finish the kit long before tonight's nine o'clock dance.



Chapter Two


The taxi's quick lean to the stop lifts Earle off the seat as he stuffs
the folded dollars into the cab's money slot. She's got to come,
Earle says to himself, reaching and reaching again for the car-door
handle he only eventually finds.

Thumping interrupts Earle's words. A doorman holding a clipboard
caps the disco's entrance. A group of pretty, light-skinned
young black women and expensively dressed young white men
hurl their names at the man at the door. They walk into the
dark, into the beat. Earle speaks his name to the clipboard,
twice.

There she is, alone.

A hostess approaching in a short, red, starched dress and emotionproof
makeup sways between him and her. The hostess offers,
then distributes, tiny scrolls from a tray yoked around her neck
by a strap:

THE COPA

It makes their bodies throb.
The Beat, it thumps, the Beat.
Its pulse still makes them bob
Through melodies and sweating feet.

Reds criss and cross the blues,
They skim the crowds, these discs of light,
Finding mixed heads, yet they lose
The stuff beneath that height.

The strobe flash, hard flash.
Explode. Black. Room. In. The. Thump.
A simple thrust is seen a slash.
A sexy grind becomes a hump.

The chains drop from his throat
Like golden, frozen falls.
He undulates, appears to float,
His pants constrict his balls.

Her miniskirt is more a belt,
A narrow, leather thing.
It rubs her bone, will force a welt,
All just for a fling.

-Bill DePopulaire


Inside the club, Earle's pupils expand with the ripples in the
punch, responding to the beat on the punchbowl. A Jewish mother
with a silk flower on her bosom and a heavy smile scoops fluid
into Earle's two glasses and onto his hand. In this light the drink
is black but tastes red. A black woman mans the hors d'oeuvres
table.

There she is again, dancing with some girls. The crazy lights
darken her hair. Another black young man nears Janey Rosebloom
to the beat, groin first. She turns to him to the beat. They dance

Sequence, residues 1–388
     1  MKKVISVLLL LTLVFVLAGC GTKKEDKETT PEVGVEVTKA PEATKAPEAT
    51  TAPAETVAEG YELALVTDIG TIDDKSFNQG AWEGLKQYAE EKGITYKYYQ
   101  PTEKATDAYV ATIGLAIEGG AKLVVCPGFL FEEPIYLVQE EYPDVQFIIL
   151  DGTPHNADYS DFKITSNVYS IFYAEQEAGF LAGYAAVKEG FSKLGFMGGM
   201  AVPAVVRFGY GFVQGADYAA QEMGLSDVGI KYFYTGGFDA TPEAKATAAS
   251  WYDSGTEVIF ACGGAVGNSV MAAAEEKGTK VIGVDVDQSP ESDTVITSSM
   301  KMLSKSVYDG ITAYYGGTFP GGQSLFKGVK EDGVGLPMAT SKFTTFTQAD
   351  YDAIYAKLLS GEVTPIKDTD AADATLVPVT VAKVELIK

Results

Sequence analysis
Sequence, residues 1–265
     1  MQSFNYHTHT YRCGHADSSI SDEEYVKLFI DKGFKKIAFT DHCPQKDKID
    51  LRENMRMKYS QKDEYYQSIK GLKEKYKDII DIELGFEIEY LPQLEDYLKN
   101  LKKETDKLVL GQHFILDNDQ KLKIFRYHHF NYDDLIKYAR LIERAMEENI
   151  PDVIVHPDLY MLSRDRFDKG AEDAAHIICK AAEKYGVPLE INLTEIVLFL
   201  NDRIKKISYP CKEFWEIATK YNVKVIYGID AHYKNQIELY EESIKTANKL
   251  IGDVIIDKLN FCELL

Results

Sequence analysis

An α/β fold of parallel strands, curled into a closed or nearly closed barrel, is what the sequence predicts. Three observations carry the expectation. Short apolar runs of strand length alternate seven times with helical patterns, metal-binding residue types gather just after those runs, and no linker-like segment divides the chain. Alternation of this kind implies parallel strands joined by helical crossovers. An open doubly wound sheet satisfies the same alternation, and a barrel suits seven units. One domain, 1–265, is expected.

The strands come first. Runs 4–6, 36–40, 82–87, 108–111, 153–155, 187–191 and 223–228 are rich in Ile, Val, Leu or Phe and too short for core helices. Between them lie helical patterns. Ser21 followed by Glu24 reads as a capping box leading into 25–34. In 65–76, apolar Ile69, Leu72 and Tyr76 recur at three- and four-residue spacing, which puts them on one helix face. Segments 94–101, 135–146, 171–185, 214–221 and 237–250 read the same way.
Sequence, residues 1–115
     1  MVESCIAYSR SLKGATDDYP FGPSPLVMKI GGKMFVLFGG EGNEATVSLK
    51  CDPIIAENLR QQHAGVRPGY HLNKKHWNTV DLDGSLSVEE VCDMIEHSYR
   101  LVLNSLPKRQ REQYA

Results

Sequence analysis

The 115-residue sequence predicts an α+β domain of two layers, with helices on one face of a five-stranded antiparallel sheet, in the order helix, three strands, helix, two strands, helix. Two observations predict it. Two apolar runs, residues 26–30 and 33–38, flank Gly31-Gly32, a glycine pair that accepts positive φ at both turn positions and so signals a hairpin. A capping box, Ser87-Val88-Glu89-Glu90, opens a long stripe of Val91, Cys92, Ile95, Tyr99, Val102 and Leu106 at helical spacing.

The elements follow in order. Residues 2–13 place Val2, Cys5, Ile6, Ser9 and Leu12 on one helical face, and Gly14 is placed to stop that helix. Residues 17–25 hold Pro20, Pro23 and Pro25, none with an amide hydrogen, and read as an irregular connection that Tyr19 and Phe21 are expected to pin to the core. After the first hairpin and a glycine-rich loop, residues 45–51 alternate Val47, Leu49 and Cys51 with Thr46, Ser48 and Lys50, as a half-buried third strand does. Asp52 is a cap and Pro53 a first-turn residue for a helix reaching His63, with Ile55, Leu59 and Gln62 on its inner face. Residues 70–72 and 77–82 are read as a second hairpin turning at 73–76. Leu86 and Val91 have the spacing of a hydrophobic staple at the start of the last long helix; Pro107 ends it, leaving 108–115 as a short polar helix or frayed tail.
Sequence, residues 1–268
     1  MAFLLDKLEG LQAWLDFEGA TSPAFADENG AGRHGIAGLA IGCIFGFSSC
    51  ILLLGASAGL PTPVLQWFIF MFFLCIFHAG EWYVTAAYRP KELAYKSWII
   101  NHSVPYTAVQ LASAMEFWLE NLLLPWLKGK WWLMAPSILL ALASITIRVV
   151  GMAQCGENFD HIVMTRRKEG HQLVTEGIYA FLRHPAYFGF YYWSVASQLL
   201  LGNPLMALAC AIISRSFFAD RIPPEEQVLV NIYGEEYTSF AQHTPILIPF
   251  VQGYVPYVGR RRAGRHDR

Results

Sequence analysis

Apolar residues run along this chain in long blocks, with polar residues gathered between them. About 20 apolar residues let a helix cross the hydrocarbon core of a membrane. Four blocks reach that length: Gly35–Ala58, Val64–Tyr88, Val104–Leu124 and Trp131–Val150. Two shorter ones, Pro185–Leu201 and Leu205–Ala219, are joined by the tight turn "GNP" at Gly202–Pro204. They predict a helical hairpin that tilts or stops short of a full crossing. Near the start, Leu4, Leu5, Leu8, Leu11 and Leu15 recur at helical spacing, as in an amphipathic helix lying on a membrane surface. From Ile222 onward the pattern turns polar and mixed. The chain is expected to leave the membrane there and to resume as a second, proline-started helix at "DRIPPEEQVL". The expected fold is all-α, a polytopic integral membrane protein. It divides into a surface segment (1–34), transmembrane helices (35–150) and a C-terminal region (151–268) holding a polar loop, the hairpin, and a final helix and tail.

at each other.

The bathroom is warm and clean and empty and quiet. Earle
turns the handle that turns the bolt into the hole in the stall door,
shakes the stall door, wipes the seat with a pillow of tissue, and
sits. The stall wall is patterned with jagged Magic Marker ink
(see table 2.1), some of it still wet and thick-smelling. Yet even
this doesn't help, so Earle exhales noisily, screws shut his eyes,
wrenches tufts of hair, grits his teeth, and stamps his feet.

TABLE 2.1
Samples of Bathroom Graffiti

The color of chocolate and also of shit.
Vidi, Vici, Veni
Janey Rosebloom is Hot to Trot and I know it for a
fact, Jack.


The men's room attendant, a wizened soul whose ebony skin
is cracked and creased like some ancient Nubian riverbed that
long ago suckled a thriving metropolis, nods toward an empty
stall and the better-dressed high-school boys scamper to line up
in front of it.

Earle now stands at the sink, along with nerd after herd, pressing
forehead zits from the left and from the right.

Did you see Mary/Naomi/Laraine?/She's so incredibly beautiful,
even better than her sister, but I was such a stu-nod saying,
Hi, Darryl, this is Ramona-I mean you're Ramona, I'm Darryl!
I could've just died right there/Heather pressed her leg into mine
for a good minute and a half, she's got to want it/I just said to
the pharmacist, They're for Mike, my big brother. You fill them
up with water and throw them off the roof, right?